As a business adviser one of my favourite creative industries rantras – half rant, half mantra – is “make sure you are rewarded for your creative output”. To which I like to add, for reasons of clarity, “don’t write the song but only get paid for t-shirt”.
I was reminded of this message again this morning reading an article by Ben Sisario in The New York Times, Defining and Demanding a Musician’s Fair Shake in the Internet Age published 30 Sept 2013. In the article, musician David Lowery expresses his views on an artist’s ability to make money from their music in the teenage years of the 21st century.
Although I am old enough to recognise the name of Lowery’s band, Camper Van Beethoven, I cannot hum, let alone sing, any of its tunes but I think Lowery hits the right notes in his related blog post where he opines:
“My Song Got Played On Pandora 1 Million Times and All I Got Was $16.89, Less Than What I Make From a Single T-Shirt Sale!”
In the past, what has troubled me about this strange commercial lay-off has been that if businesses and practitioners in the creative industries don’t value their work, then who can blame their customers for not valuing it either. Once you price your creative output (that song or that design) at $0 or very close to, then that is how the larger market will value it too. And who can blame them?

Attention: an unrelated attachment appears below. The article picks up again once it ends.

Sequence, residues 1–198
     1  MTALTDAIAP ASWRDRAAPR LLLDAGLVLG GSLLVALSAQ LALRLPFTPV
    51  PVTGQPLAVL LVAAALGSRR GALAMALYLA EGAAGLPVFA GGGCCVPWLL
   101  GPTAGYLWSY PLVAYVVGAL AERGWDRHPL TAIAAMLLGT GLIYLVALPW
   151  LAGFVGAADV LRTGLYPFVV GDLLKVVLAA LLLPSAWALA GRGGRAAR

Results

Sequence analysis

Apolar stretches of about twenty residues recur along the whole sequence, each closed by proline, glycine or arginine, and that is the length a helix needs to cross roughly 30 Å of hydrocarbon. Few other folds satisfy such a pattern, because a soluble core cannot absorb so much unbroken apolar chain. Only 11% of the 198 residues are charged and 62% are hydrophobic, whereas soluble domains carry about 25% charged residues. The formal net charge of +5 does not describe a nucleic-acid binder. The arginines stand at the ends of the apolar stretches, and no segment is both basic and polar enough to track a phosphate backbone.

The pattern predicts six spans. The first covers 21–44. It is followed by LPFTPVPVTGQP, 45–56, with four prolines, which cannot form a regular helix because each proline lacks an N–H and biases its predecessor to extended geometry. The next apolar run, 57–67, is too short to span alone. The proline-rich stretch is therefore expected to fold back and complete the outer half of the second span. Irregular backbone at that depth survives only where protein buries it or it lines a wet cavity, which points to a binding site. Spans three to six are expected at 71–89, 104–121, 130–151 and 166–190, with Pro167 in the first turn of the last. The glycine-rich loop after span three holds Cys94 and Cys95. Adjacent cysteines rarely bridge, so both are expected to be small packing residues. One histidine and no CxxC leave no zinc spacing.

I am constantly disappointed (and exasperated and flummoxed) by the number of creative BUSINESSpeople I have met who are prepared to price their product or service so low that there’s no profit. They justify this approach because they say they need to get some work in the door; OR they will work for free in the hope of so impressing the client they’ll get some paid work someday; OR give it away (via someone else who’ll exploit it) because it will be good marketing; OR offer it up for free in exchange for a new follower or another like.
Read the full article > (0)
Photo Credit: Teratoiid via Compfight cc